2. Divorcing our car. After months of talking about the pros and cons of selling our car, we decided to follow in the footsteps of a Wisconsin graduate student and divorce our car.
3. Becoming debt-free is indescribably liberating. Discovering the concept of simple living helped us become debt free. After giving away the TV and selling our car, we realized how many hidden ownership costs we were paying. We also discovered an amazing book, called “Your Money or Your Life,” that fundamentally changed our relationship with money.
4. Happiness counts. Purging our lives of clutter and debt has not only made us happier, but we have purchased less stuff. Since we started the downsizing process, we feel psychologically “lighter.” Since we eliminated our debt, I know I have options to engage in activities that make me happy. For instance, I’m a lucky person and enjoy my job. But if I didn’t like it, I wouldn’t have to be tied to the position. That is a huge bonus of being debt-free and actually having money in savings.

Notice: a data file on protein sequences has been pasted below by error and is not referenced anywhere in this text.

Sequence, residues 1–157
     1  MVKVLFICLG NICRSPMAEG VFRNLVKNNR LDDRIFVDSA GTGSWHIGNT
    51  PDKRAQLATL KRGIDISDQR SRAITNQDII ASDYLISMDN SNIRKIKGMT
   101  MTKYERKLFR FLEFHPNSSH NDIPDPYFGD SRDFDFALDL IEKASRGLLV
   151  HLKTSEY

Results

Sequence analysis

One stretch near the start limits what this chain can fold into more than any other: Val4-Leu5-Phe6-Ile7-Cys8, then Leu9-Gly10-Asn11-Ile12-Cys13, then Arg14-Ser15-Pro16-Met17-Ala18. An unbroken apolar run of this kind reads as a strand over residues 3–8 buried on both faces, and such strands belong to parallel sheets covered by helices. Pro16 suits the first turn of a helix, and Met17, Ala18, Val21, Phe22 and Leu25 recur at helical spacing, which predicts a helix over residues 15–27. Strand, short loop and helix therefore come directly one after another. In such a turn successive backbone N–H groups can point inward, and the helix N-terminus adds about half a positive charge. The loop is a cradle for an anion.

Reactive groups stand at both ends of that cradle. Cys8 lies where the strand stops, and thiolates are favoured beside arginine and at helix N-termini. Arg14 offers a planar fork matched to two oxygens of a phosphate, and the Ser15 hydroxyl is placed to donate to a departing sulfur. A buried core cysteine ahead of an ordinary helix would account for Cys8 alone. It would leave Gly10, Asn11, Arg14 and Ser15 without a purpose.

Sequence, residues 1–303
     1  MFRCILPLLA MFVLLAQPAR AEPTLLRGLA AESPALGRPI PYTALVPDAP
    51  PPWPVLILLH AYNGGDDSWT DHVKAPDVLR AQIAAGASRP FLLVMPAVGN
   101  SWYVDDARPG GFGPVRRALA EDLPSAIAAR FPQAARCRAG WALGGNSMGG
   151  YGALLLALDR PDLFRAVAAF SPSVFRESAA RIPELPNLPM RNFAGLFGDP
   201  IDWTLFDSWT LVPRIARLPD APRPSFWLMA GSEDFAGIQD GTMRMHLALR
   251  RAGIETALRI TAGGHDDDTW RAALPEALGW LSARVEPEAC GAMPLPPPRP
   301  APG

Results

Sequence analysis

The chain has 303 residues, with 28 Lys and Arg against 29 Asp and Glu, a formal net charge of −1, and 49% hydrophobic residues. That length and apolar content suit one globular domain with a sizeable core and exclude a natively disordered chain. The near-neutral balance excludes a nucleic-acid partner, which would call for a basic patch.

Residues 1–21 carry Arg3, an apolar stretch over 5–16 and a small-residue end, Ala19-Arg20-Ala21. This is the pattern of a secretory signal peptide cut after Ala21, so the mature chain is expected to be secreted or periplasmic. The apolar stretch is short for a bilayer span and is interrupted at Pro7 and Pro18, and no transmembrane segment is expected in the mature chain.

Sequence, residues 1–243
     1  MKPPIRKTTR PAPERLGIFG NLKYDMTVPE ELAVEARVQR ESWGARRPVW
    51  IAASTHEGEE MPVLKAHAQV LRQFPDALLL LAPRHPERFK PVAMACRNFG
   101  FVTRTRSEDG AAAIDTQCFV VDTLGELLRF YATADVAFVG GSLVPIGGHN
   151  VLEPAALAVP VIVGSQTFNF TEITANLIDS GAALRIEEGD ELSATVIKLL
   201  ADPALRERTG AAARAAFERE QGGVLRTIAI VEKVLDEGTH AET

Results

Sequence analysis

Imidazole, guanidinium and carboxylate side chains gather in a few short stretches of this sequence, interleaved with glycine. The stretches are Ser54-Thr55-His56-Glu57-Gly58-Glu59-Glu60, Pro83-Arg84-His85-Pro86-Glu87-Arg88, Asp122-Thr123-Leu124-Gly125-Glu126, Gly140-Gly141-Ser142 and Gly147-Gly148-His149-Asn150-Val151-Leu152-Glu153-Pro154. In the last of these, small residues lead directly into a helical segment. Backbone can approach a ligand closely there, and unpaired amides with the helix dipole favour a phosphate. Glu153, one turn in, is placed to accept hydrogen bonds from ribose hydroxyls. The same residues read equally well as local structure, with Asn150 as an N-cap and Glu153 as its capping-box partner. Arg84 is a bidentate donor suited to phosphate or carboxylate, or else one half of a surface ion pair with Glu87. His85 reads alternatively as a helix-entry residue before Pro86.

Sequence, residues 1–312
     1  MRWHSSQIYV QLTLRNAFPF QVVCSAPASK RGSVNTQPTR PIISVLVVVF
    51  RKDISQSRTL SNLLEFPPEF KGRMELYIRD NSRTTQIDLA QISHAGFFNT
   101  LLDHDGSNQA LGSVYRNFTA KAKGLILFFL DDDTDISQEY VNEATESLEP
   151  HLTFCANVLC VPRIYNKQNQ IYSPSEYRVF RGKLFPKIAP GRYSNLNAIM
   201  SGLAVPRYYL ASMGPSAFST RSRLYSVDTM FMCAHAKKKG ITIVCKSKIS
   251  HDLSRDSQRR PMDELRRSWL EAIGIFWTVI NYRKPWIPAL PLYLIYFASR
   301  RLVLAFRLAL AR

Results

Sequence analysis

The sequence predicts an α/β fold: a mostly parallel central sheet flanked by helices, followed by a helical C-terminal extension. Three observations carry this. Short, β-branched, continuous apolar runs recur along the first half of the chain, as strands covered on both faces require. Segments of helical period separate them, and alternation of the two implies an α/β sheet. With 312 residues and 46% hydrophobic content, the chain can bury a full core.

Downsizing is a process, and it doesn’t happen overnight. I hope our personal story will help you remove clutter from your life, one step at a time.
If you have any questions, please feel free to contact me or leave a comment.
Good luck in your own simple living quest. Above all, pursue happiness and not more stuff.